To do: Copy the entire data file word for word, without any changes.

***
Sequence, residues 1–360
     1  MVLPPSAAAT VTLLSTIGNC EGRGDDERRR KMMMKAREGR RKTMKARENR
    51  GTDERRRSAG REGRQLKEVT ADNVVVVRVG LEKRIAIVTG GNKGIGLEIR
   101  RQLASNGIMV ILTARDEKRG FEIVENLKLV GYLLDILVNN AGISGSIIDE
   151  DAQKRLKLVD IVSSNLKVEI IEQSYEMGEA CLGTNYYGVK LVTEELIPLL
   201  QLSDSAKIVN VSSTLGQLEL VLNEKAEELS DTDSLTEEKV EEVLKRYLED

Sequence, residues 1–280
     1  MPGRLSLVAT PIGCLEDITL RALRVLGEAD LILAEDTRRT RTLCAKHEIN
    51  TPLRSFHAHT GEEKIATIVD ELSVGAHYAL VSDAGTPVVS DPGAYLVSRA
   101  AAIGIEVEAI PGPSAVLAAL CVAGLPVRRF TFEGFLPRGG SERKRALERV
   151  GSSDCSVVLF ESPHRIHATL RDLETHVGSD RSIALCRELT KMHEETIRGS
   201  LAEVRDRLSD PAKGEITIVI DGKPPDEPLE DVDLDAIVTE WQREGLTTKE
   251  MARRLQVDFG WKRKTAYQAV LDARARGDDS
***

Sequence, residues 1–360
     1  MVLPPSAAAT VTLLSTIGNC EGRGDDERRR KMMMKAREGR RKTMKARENR
    51  GTDERRRSAG REGRQLKEVT ADNVVVVRVG LEKRIAIVTG GNKGIGLEIR
   101  RQLASNGIMV ILTARDEKRG FEIVENLKLV GYLLDILVNN AGISGSIIDE
   151  DAQKRLKLVD IVSSNLKVEI IEQSYEMGEA CLGTNYYGVK LVTEELIPLL
   201  QLSDSAKIVN VSSTLGQLEL VLNEKAEELS DTDSLTEEKV EEVLKRYLED

Sequence, residues 1–280
     1  MPGRLSLVAT PIGCLEDITL RALRVLGEAD LILAEDTRRT RTLCAKHEIN
    51  TPLRSFHAHT GEEKIATIVD ELSVGAHYAL VSDAGTPVVS DPGAYLVSRA
   101  AAIGIEVEAI PGPSAVLAAL CVAGLPVRRF TFEGFLPRGG SERKRALERV
   151  GSSDCSVVLF ESPHRIHATL RDLETHVGSD RSIALCRELT KMHEETIRGS
   201  LAEVRDRLSD PAKGEITIVI DGKPPDEPLE DVDLDAIVTE WQREGLTTKE
   251  MARRLQVDFG WKRKTAYQAV LDARARGDDS